Single-stage membrane operations involve a single membrane with one selectivity value. Single-stage membranes were first used in natural gas purification, separating CO2 from methane. A disadvantage of single-stage membranes is the loss of product in the permeate due to the constraints imposed by the single selectivity value. Increasing the selectivity reduces the amount of product lost in the permeate, but comes at the cost of requiring a larger pressure difference to process an equivalent amount of a flue stream. In practice, the maximum pressure ratio economically possible is around 5:1.
To combat the loss of product in the membrane permeate, engineers use “cascade processes” in which the permeate is recompressed and interfaced with additional, higher selectivity membranes. The retentate streams can be recycled, which achieves a better yield of product.
Single-stage membranes devices are not feasible for obtaining a high concentration of separated material in the permeate stream. This is due to the pressure ratio limit that is economically unrealistic to exceed. Therefore, the use of multi-stage membranes is required to concentrate the permeate stream. The use of a second stage allows for less membrane area and power to be used. This is because of the higher concentration that passes the second stage, as well as the lower volume of gas for the pump to process. Other factors, such as adding another stage that uses air to concentrate the stream further reduces cost by increasing concentration within the feed stream. Additional methods such as combining multiple types of separation methods allow for variation in creating economical process designs.
Hybrid processes have long-standing history with gas separation. Typically, membranes are integrated into already existing processes such that they can be retrofitted into already existing carbon capture systems.
MTR, Membrane Technology and Research Inc., and UT Austin have worked to create hybrid processes, utilizing both absorption and membranes, for CO2 capture. First, an absorption column using piperazine as a solvent absorbs about half the carbon dioxide in the flue gas, then the use of a membrane results in 90% capture. A parallel setup is also, with the membrane and absorption processes occurring simultaneously. Generally, these processes are most effective when the highest content of carbon dioxide enters the amine absorption column. Incorporating hybrid design processes allows for retrofitting into fossil fuel power plants.
Hybrid processes can also use cryogenic distillation and membranes. For example, hydrogen and carbon dioxide can be separated, first using cryogenic gas separation, whereby most of the carbon dioxide exits first, then using a membrane process to separate the remaining carbon dioxide, after which it is recycled for further attempts at cryogenic separation.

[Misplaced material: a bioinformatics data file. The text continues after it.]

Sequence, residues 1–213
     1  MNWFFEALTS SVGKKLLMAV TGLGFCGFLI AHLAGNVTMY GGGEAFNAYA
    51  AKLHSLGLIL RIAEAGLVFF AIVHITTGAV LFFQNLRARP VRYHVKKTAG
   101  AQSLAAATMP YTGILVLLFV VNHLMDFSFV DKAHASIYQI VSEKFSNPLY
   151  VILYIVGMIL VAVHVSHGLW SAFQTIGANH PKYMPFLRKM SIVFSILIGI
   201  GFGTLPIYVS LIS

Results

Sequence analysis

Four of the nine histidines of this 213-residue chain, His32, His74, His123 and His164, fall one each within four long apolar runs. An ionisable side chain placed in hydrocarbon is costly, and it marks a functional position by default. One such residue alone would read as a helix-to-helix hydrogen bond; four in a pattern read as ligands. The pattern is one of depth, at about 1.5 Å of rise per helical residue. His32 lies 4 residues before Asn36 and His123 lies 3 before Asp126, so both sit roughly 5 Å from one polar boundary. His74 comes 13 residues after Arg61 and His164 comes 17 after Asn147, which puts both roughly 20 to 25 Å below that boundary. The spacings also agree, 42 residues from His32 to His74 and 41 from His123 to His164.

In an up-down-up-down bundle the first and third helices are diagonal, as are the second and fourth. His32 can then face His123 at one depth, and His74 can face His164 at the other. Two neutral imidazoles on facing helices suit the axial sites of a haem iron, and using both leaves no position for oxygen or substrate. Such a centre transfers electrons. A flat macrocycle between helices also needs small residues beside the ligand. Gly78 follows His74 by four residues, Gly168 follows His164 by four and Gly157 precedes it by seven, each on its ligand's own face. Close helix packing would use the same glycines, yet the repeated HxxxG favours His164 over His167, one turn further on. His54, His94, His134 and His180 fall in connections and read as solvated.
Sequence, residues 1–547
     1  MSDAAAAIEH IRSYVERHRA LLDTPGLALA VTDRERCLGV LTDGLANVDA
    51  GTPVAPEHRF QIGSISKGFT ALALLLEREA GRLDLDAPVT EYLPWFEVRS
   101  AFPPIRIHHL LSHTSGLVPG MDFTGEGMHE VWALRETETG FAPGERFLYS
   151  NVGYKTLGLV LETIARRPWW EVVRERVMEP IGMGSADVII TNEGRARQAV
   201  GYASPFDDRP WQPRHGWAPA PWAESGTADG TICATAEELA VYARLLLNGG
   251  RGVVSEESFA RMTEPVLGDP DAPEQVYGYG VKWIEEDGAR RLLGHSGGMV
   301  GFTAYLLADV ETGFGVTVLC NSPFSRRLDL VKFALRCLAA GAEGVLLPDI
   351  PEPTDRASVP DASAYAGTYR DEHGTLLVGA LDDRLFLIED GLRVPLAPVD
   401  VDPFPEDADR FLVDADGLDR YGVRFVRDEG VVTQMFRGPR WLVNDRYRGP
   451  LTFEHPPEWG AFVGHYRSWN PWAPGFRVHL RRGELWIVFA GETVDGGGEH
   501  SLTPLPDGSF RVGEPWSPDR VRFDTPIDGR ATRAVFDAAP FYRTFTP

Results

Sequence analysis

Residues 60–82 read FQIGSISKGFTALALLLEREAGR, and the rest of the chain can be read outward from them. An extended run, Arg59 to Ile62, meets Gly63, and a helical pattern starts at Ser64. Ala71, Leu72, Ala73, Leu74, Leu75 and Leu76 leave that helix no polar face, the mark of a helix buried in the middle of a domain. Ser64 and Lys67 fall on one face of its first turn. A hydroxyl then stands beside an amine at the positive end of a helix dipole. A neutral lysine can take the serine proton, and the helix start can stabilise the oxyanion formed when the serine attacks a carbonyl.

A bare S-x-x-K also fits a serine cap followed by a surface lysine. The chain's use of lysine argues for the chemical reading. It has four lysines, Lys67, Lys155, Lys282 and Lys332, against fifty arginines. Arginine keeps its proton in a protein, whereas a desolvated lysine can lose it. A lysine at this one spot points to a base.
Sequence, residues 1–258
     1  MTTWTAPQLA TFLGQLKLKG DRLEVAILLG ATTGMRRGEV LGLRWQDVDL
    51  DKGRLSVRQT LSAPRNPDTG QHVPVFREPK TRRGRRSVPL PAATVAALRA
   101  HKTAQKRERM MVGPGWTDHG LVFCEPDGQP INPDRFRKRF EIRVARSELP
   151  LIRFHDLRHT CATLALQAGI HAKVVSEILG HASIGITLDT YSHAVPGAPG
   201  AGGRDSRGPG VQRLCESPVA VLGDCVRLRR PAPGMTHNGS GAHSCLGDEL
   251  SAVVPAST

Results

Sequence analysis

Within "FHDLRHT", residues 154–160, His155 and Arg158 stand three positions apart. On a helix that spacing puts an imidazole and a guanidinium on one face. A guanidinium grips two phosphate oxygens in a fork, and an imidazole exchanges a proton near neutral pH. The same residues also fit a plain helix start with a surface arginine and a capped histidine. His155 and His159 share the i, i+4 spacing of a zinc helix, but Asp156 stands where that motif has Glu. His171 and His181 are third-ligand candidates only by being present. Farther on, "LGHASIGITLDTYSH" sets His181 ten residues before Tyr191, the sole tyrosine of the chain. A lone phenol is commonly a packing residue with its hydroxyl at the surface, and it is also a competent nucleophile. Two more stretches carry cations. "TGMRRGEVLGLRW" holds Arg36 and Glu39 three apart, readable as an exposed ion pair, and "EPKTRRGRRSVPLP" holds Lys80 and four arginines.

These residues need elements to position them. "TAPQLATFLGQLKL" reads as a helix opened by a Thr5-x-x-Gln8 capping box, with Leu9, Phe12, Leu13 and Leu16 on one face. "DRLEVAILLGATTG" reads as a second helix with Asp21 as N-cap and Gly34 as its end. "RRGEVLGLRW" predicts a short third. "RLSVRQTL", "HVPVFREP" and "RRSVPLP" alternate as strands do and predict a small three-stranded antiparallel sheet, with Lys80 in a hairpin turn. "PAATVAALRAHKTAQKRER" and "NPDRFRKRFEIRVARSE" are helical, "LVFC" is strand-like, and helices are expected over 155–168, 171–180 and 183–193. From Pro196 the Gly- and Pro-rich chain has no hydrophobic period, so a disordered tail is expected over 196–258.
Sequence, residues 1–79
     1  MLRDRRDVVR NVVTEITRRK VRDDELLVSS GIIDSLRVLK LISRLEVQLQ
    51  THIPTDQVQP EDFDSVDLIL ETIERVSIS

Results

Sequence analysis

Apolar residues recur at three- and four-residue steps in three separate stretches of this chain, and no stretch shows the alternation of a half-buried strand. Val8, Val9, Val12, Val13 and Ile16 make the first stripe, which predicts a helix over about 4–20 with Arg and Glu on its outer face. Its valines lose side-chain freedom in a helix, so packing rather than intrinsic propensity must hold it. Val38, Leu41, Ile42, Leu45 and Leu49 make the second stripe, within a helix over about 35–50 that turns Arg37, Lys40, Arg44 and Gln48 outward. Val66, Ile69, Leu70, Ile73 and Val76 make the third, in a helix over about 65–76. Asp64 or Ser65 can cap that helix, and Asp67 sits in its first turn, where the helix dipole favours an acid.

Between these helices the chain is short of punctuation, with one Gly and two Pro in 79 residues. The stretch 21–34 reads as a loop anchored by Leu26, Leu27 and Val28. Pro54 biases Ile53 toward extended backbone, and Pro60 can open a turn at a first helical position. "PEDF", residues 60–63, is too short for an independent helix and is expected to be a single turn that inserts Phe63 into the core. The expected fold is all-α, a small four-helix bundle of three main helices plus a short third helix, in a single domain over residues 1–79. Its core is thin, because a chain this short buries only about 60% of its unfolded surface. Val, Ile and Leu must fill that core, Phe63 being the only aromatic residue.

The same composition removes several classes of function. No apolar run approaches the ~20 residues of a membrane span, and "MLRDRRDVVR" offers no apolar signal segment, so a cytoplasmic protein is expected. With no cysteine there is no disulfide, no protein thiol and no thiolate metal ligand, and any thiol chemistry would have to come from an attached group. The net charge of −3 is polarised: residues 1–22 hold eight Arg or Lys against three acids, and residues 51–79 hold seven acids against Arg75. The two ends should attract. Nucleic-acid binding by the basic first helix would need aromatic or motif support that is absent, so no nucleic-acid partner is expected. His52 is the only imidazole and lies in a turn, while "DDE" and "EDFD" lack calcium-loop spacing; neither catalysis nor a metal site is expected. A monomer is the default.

Cost limits the pressure ratio in a membrane CO2 separation stage to a value of 5; higher pressure ratios eliminate any economic viability for CO2 capture using membrane processes. Recent studies have demonstrated that multi-stage CO2 capture/separation processes using membranes can be economically competitive with older and more common technologies such as amine-based absorption. Currently, both membrane and amine-based absorption processes can be designed to yield a 90% CO2 capture rate. For carbon capture at an average 600 MW coal-fired power plant, the cost of CO2 capture using amine-based absorption is in the $40–100 per ton of CO2 range, while the cost of CO2 capture using current membrane technology (including current process design schemes) is about $23 per ton of CO2. Additionally, running an amine-based absorption process at an average 600 MW coal-fired power plant consumes about 30% of the energy generated by the power plant, while running a membrane process requires about 16% of the energy generated. CO2 transport (e.g. to geologic sequestration sites, or to be used for EOR) costs about $2–5 per ton of CO2. This cost is the same for all types of CO2 capture/separation processes such as membrane separation and absorption. In terms of dollars per ton of captured CO2, the least expensive membrane processes being studied at this time are multi-step counter-current flow/sweep processes.